How to better brighten up a grim November weekend than spend it together with other horse enthusiasts? To widen the equestrian horizon, thanks to numerous top-class speakers and see words convincingly put into practice? From 5 - 7 November the tiny village of Ehlershausen (GER) not far from Hanover and close to Lower Saxony’s equestrian capital Celle saw about 50 riding instructors and other horse professionals as well as riders and interested horse lovers come together.
Michael Rohrmann, Pferdewirtschaftsmeister (Advanced riding instructor) successful in jumping and dressage at S-level, once again managed to attract several equestrian personalities to be part of his seminar titled "The Nature in Training."
Like two years ago the event was a great mixture of interesting lectures from different spheres of the horse-world and instructive practice in the beautiful indoor arena near the seminar hotel. The Jäger family had re-opened the doors of their stunning private riding facility which left nothing to be desired, neither by the horses stabled there, nor by riders and auditors.
A Learning Opportunity
Seminars like these are certainly not easy to organize, let alone in Corona times and one could sense the gratefulness of riders and auditors alike to have this unique learning opportunity in times like these.
It was a unique educational event indeed because it is not often possible to listen to renowned experts of the equestrian world at the same event. Certain problems and tendencies which can be observed in equestrian sport in our days are interdependent and the audience became very aware of this during the three days. Whoever lectured, whoever rode or taught, the spirit of "riding as a partnership in which the horse’s nature is always paramount." This could be sensed on all three days.
In this tenor the German guidelines are written and what they aim to achieve. Their detractors, which were numerous in more recent times, simply miss the point that a bad application doesn’t mean a method is wrong.
What is possible by following classical principles could be witnessed and savoured from Friday to Sunday at this clinic. A wide variety of horses and riders, in all shape and sizes and with different ambitions and training levels sought the expert advice of Stefan Stammer and Angelika Frömming. Both have worked together on two occasions in recent years and again complemented each other very well.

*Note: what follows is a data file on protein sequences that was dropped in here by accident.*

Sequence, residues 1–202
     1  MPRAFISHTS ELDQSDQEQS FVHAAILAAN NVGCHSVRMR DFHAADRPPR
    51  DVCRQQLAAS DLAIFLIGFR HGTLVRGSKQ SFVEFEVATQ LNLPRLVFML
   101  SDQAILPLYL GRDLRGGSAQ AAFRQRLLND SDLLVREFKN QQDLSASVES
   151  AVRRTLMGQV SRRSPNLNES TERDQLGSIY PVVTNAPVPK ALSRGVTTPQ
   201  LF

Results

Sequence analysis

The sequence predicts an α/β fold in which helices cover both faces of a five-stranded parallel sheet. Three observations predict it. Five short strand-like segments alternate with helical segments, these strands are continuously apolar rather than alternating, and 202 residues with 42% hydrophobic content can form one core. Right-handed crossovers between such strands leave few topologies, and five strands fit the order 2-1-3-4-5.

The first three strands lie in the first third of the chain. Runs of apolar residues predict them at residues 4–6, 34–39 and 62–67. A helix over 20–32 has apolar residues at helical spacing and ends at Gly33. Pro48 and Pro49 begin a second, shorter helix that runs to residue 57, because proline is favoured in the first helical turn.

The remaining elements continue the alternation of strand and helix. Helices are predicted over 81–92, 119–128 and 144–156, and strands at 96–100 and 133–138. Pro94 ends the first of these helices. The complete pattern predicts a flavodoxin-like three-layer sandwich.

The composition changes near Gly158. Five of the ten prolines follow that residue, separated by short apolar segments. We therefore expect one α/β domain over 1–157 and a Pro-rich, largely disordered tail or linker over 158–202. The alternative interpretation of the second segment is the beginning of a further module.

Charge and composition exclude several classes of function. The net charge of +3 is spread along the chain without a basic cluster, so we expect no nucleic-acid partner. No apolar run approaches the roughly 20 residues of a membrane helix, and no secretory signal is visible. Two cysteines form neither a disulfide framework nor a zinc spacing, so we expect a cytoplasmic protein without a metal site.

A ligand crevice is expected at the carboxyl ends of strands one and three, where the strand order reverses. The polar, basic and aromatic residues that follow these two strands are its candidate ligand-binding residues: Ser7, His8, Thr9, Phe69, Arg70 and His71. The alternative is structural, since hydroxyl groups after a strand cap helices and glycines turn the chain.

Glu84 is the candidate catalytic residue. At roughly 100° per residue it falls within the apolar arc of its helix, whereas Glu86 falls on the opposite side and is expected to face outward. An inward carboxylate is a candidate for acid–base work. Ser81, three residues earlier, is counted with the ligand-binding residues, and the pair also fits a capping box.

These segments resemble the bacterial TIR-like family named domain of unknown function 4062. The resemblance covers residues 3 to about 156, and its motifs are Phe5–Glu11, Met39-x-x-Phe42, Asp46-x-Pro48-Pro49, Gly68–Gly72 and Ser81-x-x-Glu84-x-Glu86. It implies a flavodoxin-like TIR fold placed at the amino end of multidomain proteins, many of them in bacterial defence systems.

Stammer is certainly one of Germany’s most influential and popular equine therapists for many years. In his lecture on Saturday morning he stressed that it is always the "form follows function" principle and that every rider has the chance to form his horse positively if he respects its individuality. He also hit the nail when he mentioned that riders always have to take the decision to respect nature or not, with all consequences. "If we want to show spectacular trot steps it is always the decision between investing five years of serious training to achieve a maximum of relaxation, strength and elegance or to just take the horse’s head high and sacrifice the back of the horse for his leg performance," Stammer stated.
Stammer repeatedly quoted the famous German author Udo Bürger who was the veterinarian at the German Cavalry School of Hanover before the Second World War, thereby proving how up-to-date classical literature can be: "Lightness in the forehand comes automatically when the back and activity of the hindquarters as well as the neck position are right."
The approachable 53-year-old from the south of Germany is also a human physiotherapist and trained sports teacher by profession. he has developed the "Stammer Kinematics" which he describes as a holistic concept to explain, analyse, and improve the movement of the horse via a detailed analysis of problems within the horse’s movement sequence. Consequently therapeutic solutions are developed.
This is how he approached the horses on Saturday after lunch; assessing the weak spots and helping find a way out, while stressing that „I am not a riding instructor, I am not a trainer. I can only give the riders some ideas.
Classical Training Works for Every Horse
The trainer part then came into play with Angelika Frömming who has a wide equestrian background. She has trained with some of dressage sports legends, competed herself at Grand Prix level, and is probably best known through her judging at international level.The co-author of the German guidelines for many years now, she embodies classical training and the German guidelines like only few. At the seminar she gave a holistic overview how horse training has evolved over the centuries in a lecture on Friday evening.